The loss or theft of personal data such as credit card and Social Security numbers soared to unprecedented levels in 2007, and the trend isn't expected to turn around anytime soon as hackers stay a step ahead of security and laptops disappear with sensitive information, an Associated Press report said.
The Associated Press report said while companies, government agencies, schools and other institutions are spending more to protect ever-increasing volumes of data with more sophisticated firewalls and encryption, the investment often is too little too late.
'More of them are experiencing data breaches, and they're responding to them in a reactive way, rather than proactively looking at the company's security and seeing where the holes might be,' Linda Foley, who founded the San Diego-based Identity Theft Resource Center after becoming an identity theft victim herself, quoted by the Associated Press report said.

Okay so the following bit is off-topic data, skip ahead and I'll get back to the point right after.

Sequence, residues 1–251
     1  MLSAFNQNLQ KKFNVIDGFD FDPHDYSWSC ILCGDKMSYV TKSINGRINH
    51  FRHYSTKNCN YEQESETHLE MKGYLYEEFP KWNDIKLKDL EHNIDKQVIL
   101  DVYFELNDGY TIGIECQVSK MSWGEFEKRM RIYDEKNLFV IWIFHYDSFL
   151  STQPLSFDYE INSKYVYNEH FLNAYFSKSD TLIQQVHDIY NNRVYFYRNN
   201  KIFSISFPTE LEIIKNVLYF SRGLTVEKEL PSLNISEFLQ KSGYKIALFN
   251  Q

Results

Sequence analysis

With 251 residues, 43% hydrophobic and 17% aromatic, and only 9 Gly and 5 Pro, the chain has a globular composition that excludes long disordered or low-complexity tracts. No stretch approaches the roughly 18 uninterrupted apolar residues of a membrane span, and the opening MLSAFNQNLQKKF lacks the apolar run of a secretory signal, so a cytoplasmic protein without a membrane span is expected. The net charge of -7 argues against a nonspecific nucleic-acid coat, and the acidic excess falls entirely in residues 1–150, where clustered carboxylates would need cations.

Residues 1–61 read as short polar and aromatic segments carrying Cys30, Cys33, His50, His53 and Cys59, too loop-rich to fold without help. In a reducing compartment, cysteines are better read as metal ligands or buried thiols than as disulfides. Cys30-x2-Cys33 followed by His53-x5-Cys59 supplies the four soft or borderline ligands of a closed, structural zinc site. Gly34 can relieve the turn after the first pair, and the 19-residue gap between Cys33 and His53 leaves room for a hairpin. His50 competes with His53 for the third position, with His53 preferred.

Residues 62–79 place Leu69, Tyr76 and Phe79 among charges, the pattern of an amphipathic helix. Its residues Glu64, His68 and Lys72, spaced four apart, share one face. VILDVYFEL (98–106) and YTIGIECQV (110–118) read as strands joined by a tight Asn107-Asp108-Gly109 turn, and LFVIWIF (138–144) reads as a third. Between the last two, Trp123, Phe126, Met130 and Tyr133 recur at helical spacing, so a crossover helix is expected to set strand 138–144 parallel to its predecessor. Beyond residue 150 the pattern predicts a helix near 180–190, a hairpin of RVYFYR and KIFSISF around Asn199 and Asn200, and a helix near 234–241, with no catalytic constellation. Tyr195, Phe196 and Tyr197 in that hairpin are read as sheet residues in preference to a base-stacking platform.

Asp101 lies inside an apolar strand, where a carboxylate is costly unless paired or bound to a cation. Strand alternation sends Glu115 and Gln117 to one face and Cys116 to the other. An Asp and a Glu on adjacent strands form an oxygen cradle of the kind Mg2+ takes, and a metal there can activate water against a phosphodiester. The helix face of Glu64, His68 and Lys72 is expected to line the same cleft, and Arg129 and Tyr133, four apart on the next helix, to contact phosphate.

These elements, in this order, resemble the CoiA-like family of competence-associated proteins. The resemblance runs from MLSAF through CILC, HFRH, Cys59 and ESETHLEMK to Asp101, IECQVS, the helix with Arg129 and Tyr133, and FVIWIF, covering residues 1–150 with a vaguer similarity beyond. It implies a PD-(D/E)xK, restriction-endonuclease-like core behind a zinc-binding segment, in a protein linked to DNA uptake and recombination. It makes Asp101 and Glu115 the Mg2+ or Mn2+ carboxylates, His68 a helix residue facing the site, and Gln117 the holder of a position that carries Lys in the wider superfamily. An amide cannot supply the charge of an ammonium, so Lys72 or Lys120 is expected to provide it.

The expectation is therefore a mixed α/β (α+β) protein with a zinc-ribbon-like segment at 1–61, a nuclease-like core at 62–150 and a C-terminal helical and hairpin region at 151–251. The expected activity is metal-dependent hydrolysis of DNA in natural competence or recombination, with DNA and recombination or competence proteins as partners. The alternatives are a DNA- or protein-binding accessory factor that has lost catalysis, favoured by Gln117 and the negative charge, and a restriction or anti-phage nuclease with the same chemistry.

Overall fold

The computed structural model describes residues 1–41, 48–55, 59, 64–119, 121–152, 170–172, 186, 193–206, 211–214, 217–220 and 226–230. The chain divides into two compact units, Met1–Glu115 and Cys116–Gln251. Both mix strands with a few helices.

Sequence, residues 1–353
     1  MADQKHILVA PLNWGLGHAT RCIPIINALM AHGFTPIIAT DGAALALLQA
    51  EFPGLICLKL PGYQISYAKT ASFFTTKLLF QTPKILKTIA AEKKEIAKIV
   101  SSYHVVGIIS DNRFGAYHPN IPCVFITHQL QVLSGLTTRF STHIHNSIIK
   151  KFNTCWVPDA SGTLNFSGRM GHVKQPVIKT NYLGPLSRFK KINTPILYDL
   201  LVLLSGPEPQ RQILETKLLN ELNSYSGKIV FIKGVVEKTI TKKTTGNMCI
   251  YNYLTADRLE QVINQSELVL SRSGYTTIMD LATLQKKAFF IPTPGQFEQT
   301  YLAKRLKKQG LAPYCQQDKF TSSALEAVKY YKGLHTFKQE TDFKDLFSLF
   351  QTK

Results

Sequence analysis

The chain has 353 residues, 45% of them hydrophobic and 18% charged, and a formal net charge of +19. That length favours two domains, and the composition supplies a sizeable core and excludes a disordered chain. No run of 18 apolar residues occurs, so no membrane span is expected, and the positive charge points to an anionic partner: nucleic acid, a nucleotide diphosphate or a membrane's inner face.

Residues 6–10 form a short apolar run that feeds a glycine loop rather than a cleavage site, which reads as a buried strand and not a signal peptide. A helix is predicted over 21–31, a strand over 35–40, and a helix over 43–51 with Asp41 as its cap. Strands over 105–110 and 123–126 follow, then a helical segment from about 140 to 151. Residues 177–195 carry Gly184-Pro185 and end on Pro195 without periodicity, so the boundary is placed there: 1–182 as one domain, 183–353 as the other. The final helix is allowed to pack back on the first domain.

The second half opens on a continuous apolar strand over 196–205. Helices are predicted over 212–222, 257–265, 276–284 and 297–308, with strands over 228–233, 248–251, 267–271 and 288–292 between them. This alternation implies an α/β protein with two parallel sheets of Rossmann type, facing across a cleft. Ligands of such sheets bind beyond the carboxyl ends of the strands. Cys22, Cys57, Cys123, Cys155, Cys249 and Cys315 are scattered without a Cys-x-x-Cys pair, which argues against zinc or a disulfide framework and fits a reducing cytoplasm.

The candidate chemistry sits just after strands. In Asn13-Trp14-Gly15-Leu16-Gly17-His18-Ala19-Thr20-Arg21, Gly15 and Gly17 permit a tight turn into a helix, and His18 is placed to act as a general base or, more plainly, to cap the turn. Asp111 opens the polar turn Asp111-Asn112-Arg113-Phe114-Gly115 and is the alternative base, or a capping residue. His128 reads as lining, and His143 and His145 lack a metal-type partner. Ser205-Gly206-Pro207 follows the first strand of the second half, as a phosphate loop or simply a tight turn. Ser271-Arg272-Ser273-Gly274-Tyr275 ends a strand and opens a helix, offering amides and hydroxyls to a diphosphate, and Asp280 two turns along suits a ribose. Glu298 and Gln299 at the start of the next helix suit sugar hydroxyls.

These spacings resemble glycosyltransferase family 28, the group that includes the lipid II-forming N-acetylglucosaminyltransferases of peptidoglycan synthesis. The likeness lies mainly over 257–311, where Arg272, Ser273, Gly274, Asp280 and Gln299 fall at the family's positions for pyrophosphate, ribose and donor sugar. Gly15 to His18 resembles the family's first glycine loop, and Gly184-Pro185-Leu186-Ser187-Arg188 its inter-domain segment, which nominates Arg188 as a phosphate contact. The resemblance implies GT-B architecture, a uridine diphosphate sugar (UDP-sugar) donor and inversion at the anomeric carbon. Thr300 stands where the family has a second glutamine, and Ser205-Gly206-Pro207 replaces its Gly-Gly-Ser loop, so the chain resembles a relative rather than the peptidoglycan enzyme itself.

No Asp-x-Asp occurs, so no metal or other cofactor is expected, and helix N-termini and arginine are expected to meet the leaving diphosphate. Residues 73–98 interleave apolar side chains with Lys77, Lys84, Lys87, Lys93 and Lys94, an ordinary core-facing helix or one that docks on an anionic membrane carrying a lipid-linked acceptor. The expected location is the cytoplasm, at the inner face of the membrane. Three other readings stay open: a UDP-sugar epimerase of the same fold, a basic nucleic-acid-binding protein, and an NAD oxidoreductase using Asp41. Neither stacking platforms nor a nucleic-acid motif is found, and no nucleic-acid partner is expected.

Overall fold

Teh Associated Press report said Foley's group lists more than 79 million records reported compromised in the US through December 18. That's a nearly fourfold increase from the nearly 20 million records reported in all of 2006.
Another group, Attrition.org, estimates more than 162 million records compromised through December 21 both in the US and overseas, unlike the other group's US-only list, the report said.
Attrition reported 49 million last year, it added.
But the biggest difference between the groups' record-loss counts is Attrition.org's estimate that 94 million records were exposed in a theft of credit card data at TJX, the owner of discount stores including T.J. Maxx and Marshalls. The TJX breach accounts for more than half the total records reported lost this year on both groups' lists, the report further said.